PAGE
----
This instability is also what permits the Atlas to move out of alignment and get stuck like that. A misaligned Atlas will always result in a decrease of range of motion as the joints cannot glide and slide like they should.

How the Upper Cervical Spine Affects Occlusion

Based on everything we have visited so far, I believe it is safe to assume the intricate connection between the neck and the TMJs. Occlusion (how the teeth close together a.k.a. bite) plays a big role in possible future TMJ dysfunction; an uneven bite creates uneven stress on the TMJs.

Although biting is a pretty menial task, it can have repercussions in other areas than the jaw. The forces created by biting down are significant and in the event where the occlusion is not equal and even, these forces will be transmitted to the TMJs, but also to the spine. Adding to that the imbalance in masticatory muscles resulting from a misaligned neck and you have a perfect recipe to end up with TMD.

Before we explore different research articles, I want to establish the link between the neck, global posture, and functional leg length asymmetry. Functional leg length asymmetry refers to the phenomenon where a leg “appears” shorter when compared to the other one. It is not a bone problem, per se, but a muscle problem. What I mean by this is: the bones of the leg are not short, but some muscles in the back or hip are pulling the one leg up, creating the image of shortness.

This happens when there is an imbalance in the contraction of muscles, right compared to left. This imbalance will also result in a shift in normal posture. These changes result most often from a misalignment of the upper cervical spine.

The reticular formation is a special bundle of nerves hidden and protected by the Atlas (C1), the top bone of the spine. This formation’s role is to control the anti-gravity muscles, namely the muscles of the back keeping us upright and straight. A misalignment of the upper spine (head, Atlas and Axis) causes dysfunction of this bundle of nerves resulting in increased contraction on one side of the back and hips and a decrease on the opposite side. As you can probably imagine, this produces a functional short leg.

Now that this has been demonstrated, let’s take a look at the effect of occlusal alteration and masticatory imbalance on the cervical spine.

In an article published in 2003 in the European Journal of Orthodontics 10, researchers write “In the cervical spine, high stress was observed at C1, suggesting its importance in maintaining posture.”

Using a computer-generated 3D model of the human body, these doctors evaluated the effects of abnormal occlusal plane and/or masticatory muscle tension on the cervical spine.

An increase in muscle strength/tension created an increase on the cervical spine stress on the same side and a deviation of the spine on the opposite side. Similarly, a shift and elevation of the occlusal plane created same-side stress on the cervical spine and an opposite-side deviation.

Let’s recap here for a second:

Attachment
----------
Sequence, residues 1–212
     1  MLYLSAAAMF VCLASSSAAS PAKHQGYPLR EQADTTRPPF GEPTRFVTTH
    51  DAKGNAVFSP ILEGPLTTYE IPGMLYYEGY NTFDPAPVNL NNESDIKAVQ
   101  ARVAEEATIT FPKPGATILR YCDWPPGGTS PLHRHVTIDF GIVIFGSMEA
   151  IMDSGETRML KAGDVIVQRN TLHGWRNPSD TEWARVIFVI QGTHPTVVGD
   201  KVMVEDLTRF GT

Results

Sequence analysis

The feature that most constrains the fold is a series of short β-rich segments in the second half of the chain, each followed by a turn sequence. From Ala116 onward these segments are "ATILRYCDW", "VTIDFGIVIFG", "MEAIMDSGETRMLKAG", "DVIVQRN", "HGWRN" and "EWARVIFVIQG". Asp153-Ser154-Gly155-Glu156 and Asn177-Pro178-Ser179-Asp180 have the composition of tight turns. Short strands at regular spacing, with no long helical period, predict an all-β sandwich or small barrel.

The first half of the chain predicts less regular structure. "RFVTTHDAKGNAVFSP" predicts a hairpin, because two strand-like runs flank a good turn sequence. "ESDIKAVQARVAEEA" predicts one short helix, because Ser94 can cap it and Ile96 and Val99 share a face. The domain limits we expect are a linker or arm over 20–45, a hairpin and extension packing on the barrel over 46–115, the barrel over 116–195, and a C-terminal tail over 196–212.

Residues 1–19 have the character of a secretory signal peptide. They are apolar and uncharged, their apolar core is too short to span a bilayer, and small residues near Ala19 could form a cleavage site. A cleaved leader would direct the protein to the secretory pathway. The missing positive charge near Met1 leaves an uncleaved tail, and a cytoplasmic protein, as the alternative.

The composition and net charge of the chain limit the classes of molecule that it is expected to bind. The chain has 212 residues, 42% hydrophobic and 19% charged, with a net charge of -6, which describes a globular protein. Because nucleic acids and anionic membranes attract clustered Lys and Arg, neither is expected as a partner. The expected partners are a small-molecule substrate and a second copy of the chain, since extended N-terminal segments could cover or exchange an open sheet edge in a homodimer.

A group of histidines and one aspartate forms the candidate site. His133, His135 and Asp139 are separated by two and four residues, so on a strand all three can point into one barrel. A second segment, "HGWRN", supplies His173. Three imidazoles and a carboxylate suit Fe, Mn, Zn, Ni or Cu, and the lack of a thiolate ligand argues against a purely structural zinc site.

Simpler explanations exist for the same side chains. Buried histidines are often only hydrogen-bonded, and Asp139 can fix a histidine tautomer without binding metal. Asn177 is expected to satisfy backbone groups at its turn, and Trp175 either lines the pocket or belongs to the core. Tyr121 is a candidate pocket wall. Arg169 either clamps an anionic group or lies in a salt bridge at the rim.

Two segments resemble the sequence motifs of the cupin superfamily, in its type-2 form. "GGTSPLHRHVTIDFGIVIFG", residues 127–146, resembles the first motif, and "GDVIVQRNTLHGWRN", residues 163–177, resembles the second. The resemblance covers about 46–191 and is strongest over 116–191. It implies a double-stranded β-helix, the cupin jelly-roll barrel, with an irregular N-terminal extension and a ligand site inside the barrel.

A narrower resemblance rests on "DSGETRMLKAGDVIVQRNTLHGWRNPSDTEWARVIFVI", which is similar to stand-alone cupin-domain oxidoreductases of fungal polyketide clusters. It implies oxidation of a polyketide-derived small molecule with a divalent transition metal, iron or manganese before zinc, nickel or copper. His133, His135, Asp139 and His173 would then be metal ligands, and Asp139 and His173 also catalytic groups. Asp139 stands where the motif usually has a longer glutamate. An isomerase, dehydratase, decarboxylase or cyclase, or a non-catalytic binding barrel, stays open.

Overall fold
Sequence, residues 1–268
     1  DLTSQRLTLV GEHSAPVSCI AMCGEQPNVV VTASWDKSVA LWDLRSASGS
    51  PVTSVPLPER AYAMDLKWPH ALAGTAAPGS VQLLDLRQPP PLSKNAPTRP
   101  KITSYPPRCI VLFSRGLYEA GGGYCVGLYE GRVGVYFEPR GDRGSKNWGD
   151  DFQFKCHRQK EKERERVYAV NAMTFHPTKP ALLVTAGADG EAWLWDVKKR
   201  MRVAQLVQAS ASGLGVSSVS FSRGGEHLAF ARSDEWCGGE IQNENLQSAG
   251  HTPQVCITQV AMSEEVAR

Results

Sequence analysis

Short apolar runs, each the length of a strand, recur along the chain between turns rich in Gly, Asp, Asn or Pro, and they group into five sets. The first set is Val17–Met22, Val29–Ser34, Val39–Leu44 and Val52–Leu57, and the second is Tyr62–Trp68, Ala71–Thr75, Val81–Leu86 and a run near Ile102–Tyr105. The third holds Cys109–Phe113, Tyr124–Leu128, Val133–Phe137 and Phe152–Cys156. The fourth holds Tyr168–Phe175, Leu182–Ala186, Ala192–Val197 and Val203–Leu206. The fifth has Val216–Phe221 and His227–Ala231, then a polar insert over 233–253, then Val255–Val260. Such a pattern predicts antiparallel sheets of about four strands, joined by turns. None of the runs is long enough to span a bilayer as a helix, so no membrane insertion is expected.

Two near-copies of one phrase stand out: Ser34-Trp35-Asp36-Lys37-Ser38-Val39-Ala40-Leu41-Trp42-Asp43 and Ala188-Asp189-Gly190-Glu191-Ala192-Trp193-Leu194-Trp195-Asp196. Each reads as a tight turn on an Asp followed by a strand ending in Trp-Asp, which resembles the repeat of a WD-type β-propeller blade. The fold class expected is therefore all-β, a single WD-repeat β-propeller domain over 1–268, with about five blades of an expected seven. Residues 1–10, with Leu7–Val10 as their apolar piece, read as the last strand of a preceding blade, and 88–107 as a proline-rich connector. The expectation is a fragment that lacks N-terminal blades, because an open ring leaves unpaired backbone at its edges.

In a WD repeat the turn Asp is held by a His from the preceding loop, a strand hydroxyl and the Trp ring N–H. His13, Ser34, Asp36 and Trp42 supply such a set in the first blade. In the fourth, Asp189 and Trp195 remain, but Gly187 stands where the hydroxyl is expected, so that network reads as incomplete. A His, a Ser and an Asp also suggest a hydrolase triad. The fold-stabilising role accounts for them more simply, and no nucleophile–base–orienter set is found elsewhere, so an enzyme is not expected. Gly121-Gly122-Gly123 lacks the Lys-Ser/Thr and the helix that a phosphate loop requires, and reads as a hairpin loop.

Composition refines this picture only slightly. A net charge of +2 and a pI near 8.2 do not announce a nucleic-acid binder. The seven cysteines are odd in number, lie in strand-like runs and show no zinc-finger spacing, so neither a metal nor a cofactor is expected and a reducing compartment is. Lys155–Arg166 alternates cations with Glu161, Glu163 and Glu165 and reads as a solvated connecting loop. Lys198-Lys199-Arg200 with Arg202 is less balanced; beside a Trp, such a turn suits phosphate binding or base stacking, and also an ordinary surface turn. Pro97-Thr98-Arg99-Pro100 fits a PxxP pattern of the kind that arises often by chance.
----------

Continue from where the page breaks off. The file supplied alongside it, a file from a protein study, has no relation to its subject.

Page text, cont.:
• The cervical spine, especially the upper cervical spine is intricately connected to posture and unequal leg length
  • A shift and misalignment of the upper cervical spine creates abnormal posture and a functional short-leg
  • Unequal masticatory muscle tension/strength and/or uneven occlusal plane will create abnormal stress and deviation of the cervical spine
Let’s now dive into the effects of a short leg on the TMJs.

A paper published in the Journal of Craniomandibular & Sleep Practice 11, in 2011, reported the effects of a functional short leg on dental occlusion. Researchers experimentally created a short leg (or long leg) in the subjects by using insoles with heel lifts of different heights. They concluded that “When subjects used a heel lift of eight mm or more under the right foot, occlusal force shifted to the right side compared to the control (p<0.05). When subjects used a heel lift of seven mm or more under the left foot, occlusal force shifted to the left side compared to the control (p<0.05).”

Abnormal occlusion will end up creating uneven wear and tear on the TMJs and lead to TMD. It will also create unequal stress on the spine and accentuate the already present misalignment of the neck, worsening the state of imbalance between the head, neck, and TMJs. This vicious circle will keep on repeating itself until both issues, the neck and the TMD, are addressed


It comes with very little surprise that the TMJs and the neck have a significant connection. The vagus nerve and trigeminal nerve play an important role in innervating the masticatory muscles and sending pain signals from the face. These nerves are easily and often affected by a misalignment of the upper neck. Such misalignment invariably comes with a shift in the center of gravity and FHP. FHP has a myriad of effects on the TMJ: it will alter normal muscle tension and TMJ biomechanics by shifting the jaw backward and downwards. This will in turn create an increased stress on the lateral temporomandibular ligament.